Also, would it not be better to go from handle to tip sideways? Everything I watch says to sharpen like I'm trying to cut up thin slices of the stone but I feel like that's making it uneven instead of going along the entire blade in a single stroke.
And what's the consensus on honing steels? A lot of pro chefs use them before prep but I've never been a huge fan. They feel like they grab and burr the edge to me.
>>28898835 I did some quick reading and decided water stones seem like what I want, at least initially. Norton's got a pretty nice set that looks to have everything I'd need to start, so I'll get that one soonish.
I use Sigma Power Select II waterstones for shaping my edge bevels (1k -> 6k normally, 1k -> 6k -> 10k -> 13k if I feel like doing a freehand mirror polish).
I like the SPS II stones because they are silicon carbide stones with minimal binder, giving them an extremely high cutting speed (so much so that I sharpen "super steels" nearly as fast as simple steels).
I them set my apexes with a Spyderco Sharpmaker using the F rods (a few grams of force, oil the rods, 5-10 passes per side).
This approach makes it quick and easy to get an apex that will trivially push cut newsprint with and across the grain.
That depends on the scope of work you want the knife to be able to do, whether you need high push-cutting sharoneaa, and how much edge retention you need between touch ups.
Basically, I look at it the other way around from you: what is the thinnest edge geometry, highest push-cutting sharpness apex I can run for my EDC uses without it chipping/rolling or getting dull too fast?
The knife in that video will have no trouble slicing double walled cardboard, zip ties, clamshell packaging, and doing food prep, so it works for me and I get to enjoy the extreme cutting ability.
Not worth it, in my opinion. Way too slow compared to freehand and the precise angle control doesn't matter at the edge-bevel shaping stage anyway. Freehanding and then using a strop or .micro-bevel would be waaaaayy faster and easier to avoid burr formation/retention.
>3/4 to 100 and no one has posted the best answer one of these with a selection of appropriate grits and a leather belt to finish is hands down the best option for sharpening your knives OP. You can put any shape and any desired polish on in about 5 minutes flat.
You'll want to grab a handful of knives from the dollar store to practice on but you'll never go back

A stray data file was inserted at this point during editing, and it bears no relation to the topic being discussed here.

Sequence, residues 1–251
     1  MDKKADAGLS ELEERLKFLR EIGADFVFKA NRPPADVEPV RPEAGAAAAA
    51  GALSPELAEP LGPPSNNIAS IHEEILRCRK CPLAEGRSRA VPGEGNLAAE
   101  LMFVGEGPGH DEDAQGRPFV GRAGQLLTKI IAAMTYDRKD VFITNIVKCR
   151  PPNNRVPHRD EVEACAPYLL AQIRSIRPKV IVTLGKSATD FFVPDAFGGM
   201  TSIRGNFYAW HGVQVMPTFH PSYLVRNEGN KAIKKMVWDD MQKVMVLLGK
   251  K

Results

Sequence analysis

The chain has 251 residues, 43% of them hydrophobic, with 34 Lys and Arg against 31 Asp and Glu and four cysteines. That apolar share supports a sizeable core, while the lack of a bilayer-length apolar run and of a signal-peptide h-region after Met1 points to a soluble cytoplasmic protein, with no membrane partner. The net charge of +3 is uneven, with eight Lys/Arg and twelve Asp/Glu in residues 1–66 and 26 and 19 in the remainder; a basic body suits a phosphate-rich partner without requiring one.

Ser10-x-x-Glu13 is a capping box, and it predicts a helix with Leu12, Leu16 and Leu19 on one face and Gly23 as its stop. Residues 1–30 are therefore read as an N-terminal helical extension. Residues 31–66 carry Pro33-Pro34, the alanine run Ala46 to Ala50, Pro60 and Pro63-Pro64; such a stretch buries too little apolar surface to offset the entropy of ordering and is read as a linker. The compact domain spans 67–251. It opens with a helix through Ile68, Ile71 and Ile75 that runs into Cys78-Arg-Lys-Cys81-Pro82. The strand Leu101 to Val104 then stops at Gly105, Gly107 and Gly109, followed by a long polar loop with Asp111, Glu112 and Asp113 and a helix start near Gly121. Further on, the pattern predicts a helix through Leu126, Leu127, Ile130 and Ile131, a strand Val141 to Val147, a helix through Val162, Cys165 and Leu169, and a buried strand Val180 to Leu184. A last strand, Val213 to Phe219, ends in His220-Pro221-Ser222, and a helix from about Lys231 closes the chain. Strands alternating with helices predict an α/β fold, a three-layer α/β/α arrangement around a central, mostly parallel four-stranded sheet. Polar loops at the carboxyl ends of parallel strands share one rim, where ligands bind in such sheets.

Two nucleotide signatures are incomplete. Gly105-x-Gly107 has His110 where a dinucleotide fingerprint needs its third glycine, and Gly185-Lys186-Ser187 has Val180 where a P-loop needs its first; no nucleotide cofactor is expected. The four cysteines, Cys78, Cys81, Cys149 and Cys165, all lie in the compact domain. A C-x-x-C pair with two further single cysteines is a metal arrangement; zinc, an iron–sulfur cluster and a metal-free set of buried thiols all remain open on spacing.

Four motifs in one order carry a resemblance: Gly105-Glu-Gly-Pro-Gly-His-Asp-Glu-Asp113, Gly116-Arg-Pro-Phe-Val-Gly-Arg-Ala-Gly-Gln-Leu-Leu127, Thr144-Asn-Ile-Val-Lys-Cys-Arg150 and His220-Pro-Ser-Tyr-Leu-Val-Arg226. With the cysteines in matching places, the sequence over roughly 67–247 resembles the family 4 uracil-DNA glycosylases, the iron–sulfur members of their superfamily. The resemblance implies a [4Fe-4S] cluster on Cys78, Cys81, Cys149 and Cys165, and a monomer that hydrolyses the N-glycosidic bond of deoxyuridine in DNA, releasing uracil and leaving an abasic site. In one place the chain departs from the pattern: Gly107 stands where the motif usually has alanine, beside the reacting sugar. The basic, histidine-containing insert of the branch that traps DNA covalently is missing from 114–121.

>>28899263 actually a finely honed edge will stay sharper longer. basically under a microscope the edge is serrated by the grit it is honed to. the smaller the serrations the less likely they are to be broken off during use, which maintains the sharpness longer
Unfortunately, finish grit and edge retention are inversely related: A coarser edge will last longer precisely because of the larger microscopic serrations, as it will take longer for the points to be worn down to the scallops.
The plus side to a higher grit apex is being able to make cuts with less force and less of a draw.
fuck all that slicing jazz. sharpening is the process of removing metal from the edge until you hit the apex of your final bevel. think about that rather than slicing or any other retarded metaphors. I personally find it goes quickest if i make fast small circles as I go up and down the stone, but the downside is you get a swirly looking end result that takes a lot of polishing if you want a clean look.
the tristone is the best way to start. start on the rough stone and DONT USE OIL just grind that edge until a burr forms and you're happy with the angle. you should be able to shave hair (not well) after the rough stone. try going really shallow, 12-15degrees to set that initial edge. go to medium stone and repeat the process but you you're polishing out the rough scratches here. once you have the burr, finish on the arkanasas stone. spend as much time as you like getting it polished up, and then strop it with white rouge and that should be well past shaving sharp
I've been learning how to freehand sharpen as well over the past month. I'm a broke sunovabitch and I use a 6 dollar combination stone I got at wal mart coupled with a honing steel I got from a flea mart. My knives cut paper well enough for my liking. The only one that I managed to get scary sharp was my opinel. that thing is like a razor now.
hard black arkansas respond to technique more than anything else. you can easily get well past the polish available on waterstones on one if you practice. they're about on par with the coarsest grade of rouge, although IMO the strop is easier at that point
cuts about 50% faster and lets you be more precise. this has been studied. people use oil because it keeps the stones from loading up, but you can clean the stones out with soap and water in about 3 seconds.
Until you are experienced at it, I would start with the coarse until you have a burr on one side, flip the knife over and sharpen until you have a burr on the other side, then move to the medium and fine to refine the apex.
in industrial applications this is always true, although water is the better lubricant Freehand, you are not capable of generating swarf at a pace that justifies oil or water on the coarse stone. on the medium and fine stones its up in the air- result were inconclusive. This is only for knives and only for hand sharpening. But that dude I replied was having trouble getting results, so switching to dry grinding will get him to a tangible result faster
don't need it on the belts and the stone wheel has a water tray. I wouldn't use the wheel unless I was radically reshaping a knife anyway, making a replacement pocketknife blade or a broken tip or something. In the case that you ruin in the edge while reshaping and then take off the burnt edge with the belts.